Leo Major

Leo Major

French-Canadian soldier.
Country: Canada

  1. Biography of Leo Major
  2. Early Life and Military Career
  3. Heroic Actions in the Battle of the Scheldt
  4. Refusal of Medals and Second Distinguished Conduct Medal
  5. Legacy

Biography of Leo Major

Leo Major, a Franco-Canadian soldier, was one of three Canadian soldiers to be awarded the Distinguished Conduct Medal, the only Canadian to receive it twice, and the only soldier of the Allied forces to receive two such medals in two different wars. Throughout his military service, he performed several incredibly heroic acts, such as single-handedly liberating an entire city from enemy forces.

Leo Major

Early Life and Military Career

Leo Major first gained recognition for his bravery in Europe shortly after the legendary D-Day invasion in Normandy. During a reconnaissance mission, Leo managed to single-handedly capture a German armored vehicle containing crucial Nazi army codes and communication devices. A few days later, Leo encountered a patrol of SS soldiers. He killed four enemy soldiers but was injured when one of them managed to use an incendiary grenade, costing Leo his eyesight. However, Leo refused to be evacuated and continued his service. He primarily served as a scout and sniper, claiming that he only needed one eye for accurate aiming.

Leo Major

Heroic Actions in the Battle of the Scheldt

During the Battle of the Scheldt, Leo Major achieved another incredible feat by single-handedly capturing 93 German soldiers. During a reconnaissance mission, he encountered two German soldiers. Despite being soaked and freezing, Leo decided to take out his frustration on them. He seized one soldier and attempted to use him as bait, but the soldier's comrade tried to open fire. Leo managed to shoot him first. He then captured a German officer and proceeded to kill three more soldiers, forcing the entire garrison to surrender. The sight of a group of German soldiers, captured by a lone Canadian soldier, surprised an Allied unit passing by, causing them to open fire on their own. Leo led almost 100 enemy prisoners to the Allied camp.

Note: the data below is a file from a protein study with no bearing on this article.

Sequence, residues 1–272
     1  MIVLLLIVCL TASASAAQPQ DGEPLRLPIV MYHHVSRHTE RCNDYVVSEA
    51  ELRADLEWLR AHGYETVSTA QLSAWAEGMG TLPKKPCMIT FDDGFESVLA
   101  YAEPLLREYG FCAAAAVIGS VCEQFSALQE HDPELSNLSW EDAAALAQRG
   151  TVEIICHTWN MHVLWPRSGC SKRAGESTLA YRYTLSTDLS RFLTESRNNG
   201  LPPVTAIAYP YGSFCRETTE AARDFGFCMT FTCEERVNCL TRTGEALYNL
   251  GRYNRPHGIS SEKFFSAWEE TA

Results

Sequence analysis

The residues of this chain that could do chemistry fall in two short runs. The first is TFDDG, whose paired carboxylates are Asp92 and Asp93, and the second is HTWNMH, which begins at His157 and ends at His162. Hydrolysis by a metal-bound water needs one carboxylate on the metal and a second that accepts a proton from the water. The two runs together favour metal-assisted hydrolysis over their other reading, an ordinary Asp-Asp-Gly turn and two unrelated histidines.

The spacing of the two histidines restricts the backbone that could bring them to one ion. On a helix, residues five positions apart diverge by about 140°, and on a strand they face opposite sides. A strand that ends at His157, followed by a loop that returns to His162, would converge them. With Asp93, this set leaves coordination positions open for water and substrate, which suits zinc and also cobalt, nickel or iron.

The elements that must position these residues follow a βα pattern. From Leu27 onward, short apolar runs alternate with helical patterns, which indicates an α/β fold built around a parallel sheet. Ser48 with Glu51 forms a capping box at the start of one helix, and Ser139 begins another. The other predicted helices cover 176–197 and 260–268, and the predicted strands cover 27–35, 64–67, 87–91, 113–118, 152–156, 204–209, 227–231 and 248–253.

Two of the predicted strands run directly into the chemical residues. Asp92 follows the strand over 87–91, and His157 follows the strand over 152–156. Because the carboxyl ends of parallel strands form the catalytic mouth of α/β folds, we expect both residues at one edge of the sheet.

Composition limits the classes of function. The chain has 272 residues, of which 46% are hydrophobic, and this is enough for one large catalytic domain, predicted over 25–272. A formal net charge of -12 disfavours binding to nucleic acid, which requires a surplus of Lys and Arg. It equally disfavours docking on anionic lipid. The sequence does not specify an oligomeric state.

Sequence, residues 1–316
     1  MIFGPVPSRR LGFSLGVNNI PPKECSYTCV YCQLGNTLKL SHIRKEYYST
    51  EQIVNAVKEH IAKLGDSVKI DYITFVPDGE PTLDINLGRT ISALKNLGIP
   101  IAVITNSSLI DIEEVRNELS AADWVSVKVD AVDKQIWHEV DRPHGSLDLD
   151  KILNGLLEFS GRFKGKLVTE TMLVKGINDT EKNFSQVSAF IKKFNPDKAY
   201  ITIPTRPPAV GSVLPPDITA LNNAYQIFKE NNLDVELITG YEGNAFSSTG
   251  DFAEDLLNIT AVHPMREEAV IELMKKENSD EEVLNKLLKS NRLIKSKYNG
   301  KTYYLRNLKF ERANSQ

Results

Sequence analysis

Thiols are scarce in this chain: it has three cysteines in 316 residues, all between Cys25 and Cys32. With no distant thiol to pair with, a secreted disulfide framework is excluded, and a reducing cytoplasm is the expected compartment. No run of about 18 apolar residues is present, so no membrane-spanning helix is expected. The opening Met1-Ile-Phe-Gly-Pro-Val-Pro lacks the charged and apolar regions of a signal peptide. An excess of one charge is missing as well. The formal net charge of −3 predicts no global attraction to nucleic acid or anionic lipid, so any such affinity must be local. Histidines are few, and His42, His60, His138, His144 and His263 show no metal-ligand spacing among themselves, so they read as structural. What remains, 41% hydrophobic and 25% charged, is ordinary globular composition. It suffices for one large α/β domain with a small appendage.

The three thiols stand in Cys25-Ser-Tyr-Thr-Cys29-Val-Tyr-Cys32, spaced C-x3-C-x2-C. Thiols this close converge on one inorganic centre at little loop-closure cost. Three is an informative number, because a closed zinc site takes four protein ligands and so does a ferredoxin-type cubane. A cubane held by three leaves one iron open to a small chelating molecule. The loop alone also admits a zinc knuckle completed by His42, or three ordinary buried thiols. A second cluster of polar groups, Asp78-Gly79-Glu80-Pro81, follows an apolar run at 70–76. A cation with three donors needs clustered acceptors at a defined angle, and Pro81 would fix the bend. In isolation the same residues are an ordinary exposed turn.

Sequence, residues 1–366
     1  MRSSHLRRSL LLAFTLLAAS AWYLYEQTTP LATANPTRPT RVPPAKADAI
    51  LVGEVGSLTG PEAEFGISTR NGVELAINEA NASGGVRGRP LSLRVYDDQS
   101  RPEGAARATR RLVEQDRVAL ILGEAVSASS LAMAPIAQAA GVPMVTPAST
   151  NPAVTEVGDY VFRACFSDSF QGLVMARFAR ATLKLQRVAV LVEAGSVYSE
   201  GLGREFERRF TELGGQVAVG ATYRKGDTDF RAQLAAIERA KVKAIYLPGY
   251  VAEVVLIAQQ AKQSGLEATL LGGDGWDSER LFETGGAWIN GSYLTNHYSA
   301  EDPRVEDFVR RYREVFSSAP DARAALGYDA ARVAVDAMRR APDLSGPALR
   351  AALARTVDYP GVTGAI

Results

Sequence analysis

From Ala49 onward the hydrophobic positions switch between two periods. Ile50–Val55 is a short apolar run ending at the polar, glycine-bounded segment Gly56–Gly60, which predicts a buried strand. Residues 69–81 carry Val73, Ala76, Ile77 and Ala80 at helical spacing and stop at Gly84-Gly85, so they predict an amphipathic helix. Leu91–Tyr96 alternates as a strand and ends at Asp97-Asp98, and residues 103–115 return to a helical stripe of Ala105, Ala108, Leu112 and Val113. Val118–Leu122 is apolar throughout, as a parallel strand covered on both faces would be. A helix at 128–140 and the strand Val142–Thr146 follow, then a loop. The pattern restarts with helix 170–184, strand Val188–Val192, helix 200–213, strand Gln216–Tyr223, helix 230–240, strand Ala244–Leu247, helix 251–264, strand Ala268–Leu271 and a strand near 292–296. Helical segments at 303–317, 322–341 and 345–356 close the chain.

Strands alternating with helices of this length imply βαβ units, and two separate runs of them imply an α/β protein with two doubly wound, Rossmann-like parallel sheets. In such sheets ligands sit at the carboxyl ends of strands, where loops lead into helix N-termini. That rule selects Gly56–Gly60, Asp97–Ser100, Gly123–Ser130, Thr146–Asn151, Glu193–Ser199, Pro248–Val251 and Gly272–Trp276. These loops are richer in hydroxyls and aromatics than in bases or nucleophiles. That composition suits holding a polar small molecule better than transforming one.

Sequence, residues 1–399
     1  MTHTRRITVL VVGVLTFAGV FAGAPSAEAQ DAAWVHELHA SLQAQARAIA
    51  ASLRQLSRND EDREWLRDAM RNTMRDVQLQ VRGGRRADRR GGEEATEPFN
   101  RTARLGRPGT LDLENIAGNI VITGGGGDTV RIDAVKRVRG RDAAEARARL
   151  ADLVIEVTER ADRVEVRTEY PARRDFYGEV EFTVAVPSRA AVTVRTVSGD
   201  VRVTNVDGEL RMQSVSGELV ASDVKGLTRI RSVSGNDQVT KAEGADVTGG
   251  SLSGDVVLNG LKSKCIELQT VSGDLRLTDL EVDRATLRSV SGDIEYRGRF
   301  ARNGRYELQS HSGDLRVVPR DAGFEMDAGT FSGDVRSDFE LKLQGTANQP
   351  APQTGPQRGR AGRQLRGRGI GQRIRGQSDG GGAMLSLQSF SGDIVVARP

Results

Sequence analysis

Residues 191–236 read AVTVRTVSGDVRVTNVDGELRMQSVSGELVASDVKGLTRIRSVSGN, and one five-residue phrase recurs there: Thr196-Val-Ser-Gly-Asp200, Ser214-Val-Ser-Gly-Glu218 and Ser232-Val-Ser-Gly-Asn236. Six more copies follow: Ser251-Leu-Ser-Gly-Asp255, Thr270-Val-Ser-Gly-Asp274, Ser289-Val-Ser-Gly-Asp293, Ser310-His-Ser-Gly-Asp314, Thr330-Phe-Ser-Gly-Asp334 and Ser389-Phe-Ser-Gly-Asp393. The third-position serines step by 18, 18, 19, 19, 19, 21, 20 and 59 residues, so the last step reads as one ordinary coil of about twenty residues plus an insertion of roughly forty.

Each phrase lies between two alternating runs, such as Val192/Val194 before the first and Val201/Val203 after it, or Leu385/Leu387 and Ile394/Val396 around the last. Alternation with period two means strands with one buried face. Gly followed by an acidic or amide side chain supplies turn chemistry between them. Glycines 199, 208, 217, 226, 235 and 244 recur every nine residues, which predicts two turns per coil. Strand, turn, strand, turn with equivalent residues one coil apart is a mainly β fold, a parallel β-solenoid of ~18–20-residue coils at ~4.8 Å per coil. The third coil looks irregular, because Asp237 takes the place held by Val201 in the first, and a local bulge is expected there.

Leo Major

Refusal of Medals and Second Distinguished Conduct Medal

For his extraordinary accomplishments, Leo Major was again recommended for the Distinguished Conduct Medal. This time, he accepted the award, which he received during the Korean War. Leo earned the second medal by capturing and holding a strategically important hill called "Hill 355." Initially held by an infantry division, the hill was lost due to heavy Chinese artillery fire. Leo and his reconnaissance-sniper group were sent to support the troops. They stealthily approached the hill and quickly eliminated the Chinese soldiers, retaking the hill. However, Leo faced intense enemy counterattacks with nearly 14,000 Chinese soldiers. Despite orders to retreat, Leo refused and held the position throughout the night. The Chinese continued their attempts to retake the hill for three more days, but Leo's determination prevailed. His remarkable leadership earned him his second Distinguished Conduct Medal.


Leo Major survived all the wars he participated in and passed away on October 12, 2008. He is still regarded as one of the greatest soldiers in Canadian military history and world history in general. His incredible bravery, heroism, and unwavering dedication to his comrades and mission are an inspiration to soldiers and civilians alike.